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Thalia Zedek - Liars and Prayers

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Artist: Thalia Zedek

Album: Liars and Prayers

Label: Thrill Jockey

Review date: May. 2, 2008

It's easy to pick out the differences between Thalia Zedek's work in Live Skull and Come versus her more intimate singer-songwriter approach as a solo artist. Zedek raised the stakes for Live Skull after becoming a member in the late 1980s. The world weary punk howl that she first used in Uzi came to fruition in Live Skull and later became a cornerstone of Come's distinctive sound. The latter band's avant-blues came on like a dark tidal wave, with guitarist Chris Brokaw's twisted Neil Young-isms hitting like a sledge hammer one minute and slicing like razors the next. Yet it was Zedek's spent, stained blues-holler – unique in its languid vitriol – that was the focus of each song. Come was delirium set to a drum beat, and Zedek was reveling in the whole beautiful mess as much as she was providing an anchor amidst it.

Zedek's solo career, however, has been marked by a considerably quieter and more acoustic-driven sound.

Some lip service has been paid to her neo-cabaret guise, a stripped-down ensemble based on drums, violin, guitar, and – at least on record – piano. Yet as much as this raw, crumbling approach might hearken the tattered revelry of Isherwood's Berlin (particularly her haunting version of "1926," originally by the obscure Boston group V) there was always a solid rock-based foundation – if not musically then certainly in its intensity – beneath even the most threadbare arrangements. Liars and Prayers, augmented as it is with actual bass guitar, pushes Zedek further away from a chamber-style setting, and reaffirms the rock muse that never lurked too far below her solo proceedings.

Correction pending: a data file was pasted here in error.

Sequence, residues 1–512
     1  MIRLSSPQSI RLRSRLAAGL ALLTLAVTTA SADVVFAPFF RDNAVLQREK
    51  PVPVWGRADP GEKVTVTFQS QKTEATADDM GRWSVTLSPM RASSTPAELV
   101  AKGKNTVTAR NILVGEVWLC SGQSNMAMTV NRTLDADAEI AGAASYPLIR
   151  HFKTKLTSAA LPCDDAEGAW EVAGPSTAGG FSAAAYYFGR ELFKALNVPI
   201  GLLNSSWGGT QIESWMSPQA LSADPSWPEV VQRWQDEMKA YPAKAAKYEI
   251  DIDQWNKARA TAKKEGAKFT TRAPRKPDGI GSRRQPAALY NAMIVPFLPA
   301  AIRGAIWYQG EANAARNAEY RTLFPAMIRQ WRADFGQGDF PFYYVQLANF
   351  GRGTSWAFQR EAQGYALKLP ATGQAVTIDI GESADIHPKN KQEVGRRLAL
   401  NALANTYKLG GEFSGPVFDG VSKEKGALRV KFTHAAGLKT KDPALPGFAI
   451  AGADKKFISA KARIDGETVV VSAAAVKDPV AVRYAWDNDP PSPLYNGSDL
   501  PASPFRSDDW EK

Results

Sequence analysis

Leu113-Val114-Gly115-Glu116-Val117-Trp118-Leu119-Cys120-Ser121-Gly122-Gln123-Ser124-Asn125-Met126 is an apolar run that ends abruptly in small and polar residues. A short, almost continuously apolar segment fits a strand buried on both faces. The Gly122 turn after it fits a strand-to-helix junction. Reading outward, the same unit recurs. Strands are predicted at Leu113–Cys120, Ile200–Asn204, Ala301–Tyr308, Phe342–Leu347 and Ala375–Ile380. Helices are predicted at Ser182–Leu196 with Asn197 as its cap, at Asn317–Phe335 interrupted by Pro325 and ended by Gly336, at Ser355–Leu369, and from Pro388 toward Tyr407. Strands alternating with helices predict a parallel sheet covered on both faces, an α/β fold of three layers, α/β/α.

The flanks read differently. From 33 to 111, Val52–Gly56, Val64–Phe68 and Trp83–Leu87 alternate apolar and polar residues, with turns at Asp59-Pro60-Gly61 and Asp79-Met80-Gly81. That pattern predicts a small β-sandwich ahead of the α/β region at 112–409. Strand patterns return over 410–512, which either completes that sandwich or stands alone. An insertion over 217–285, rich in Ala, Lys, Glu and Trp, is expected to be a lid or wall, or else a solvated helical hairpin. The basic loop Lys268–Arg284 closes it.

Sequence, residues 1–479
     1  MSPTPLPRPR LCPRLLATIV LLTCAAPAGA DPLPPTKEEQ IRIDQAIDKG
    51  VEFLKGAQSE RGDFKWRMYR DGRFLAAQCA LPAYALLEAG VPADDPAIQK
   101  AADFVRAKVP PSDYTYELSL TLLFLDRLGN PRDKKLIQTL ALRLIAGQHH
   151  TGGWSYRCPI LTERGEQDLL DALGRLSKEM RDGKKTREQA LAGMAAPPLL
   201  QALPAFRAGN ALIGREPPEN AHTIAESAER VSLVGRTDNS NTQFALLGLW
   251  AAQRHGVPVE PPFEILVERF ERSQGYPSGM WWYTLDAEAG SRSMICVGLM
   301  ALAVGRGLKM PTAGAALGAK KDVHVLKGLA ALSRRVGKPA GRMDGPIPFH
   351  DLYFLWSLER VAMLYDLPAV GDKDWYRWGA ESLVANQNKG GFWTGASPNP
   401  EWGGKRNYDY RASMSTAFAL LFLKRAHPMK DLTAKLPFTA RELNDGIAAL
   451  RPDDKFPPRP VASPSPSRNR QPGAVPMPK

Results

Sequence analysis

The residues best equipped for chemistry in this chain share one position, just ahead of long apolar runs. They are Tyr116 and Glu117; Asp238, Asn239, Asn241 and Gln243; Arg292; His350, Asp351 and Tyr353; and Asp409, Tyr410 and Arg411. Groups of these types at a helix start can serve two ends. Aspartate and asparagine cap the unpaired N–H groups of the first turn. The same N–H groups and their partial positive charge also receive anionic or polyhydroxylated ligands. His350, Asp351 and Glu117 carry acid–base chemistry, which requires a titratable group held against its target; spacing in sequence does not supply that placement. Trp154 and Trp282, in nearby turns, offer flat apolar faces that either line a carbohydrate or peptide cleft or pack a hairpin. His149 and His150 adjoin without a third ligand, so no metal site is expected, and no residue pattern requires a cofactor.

To be sure, Liars and Prayers is still a dreary (though lovely) affair. Every song emerges from a dirgy minor-key fog, and bleeds sentiments of longing, loss and memory. Yet, there's a rolling, undulating Come-esque energy present that acts as a defiant, almost uplifting counterpoint to the album's general melancholy feel. Songs like "Body Memory" and "Come Undone" sound like tiny battles being waged against life's hardships: Zedek is bloody and beaten ("Can you help me now?" she sings on the former), but she gets by (feeling "just as happy in the dark," as she claims on the latter). Zedek is from the Nick Cave-Leonard Cohen school of dark confessional song-writing (to wit she covers Cohen's "Dance Me to the End of Love” on her debut, Been Here and Gone), yet she never indulges in the shark-skin histrionics of Cave nor the studied romanticism of Cohen. I would argue that she's nearly as good as both, yet almost every one of her songs is like a raw nerve exposed to the cold empty streets well after closing time. And save for the occasional soaring musical interlude or chorus (listen to the wonderful heart-wrencher "Do You Remember" for an example of both), there is almost no shelter from the emotional elements on Liars and Prayers. While this might make Zedek a slightly less accessible performer than her lauded counterparts, it also makes for harrowing, grippingly honest art with nary a trace of irony. Zedek's songs are requiems for life’s isolated bad times – tough decisions, break-ups, deaths – and anthems for the whole that those times when amassed create. It's heavy stuff, but much like something as simple as getting out of the bed in the morning, it's well worth the effort.

By Nate Knaebel

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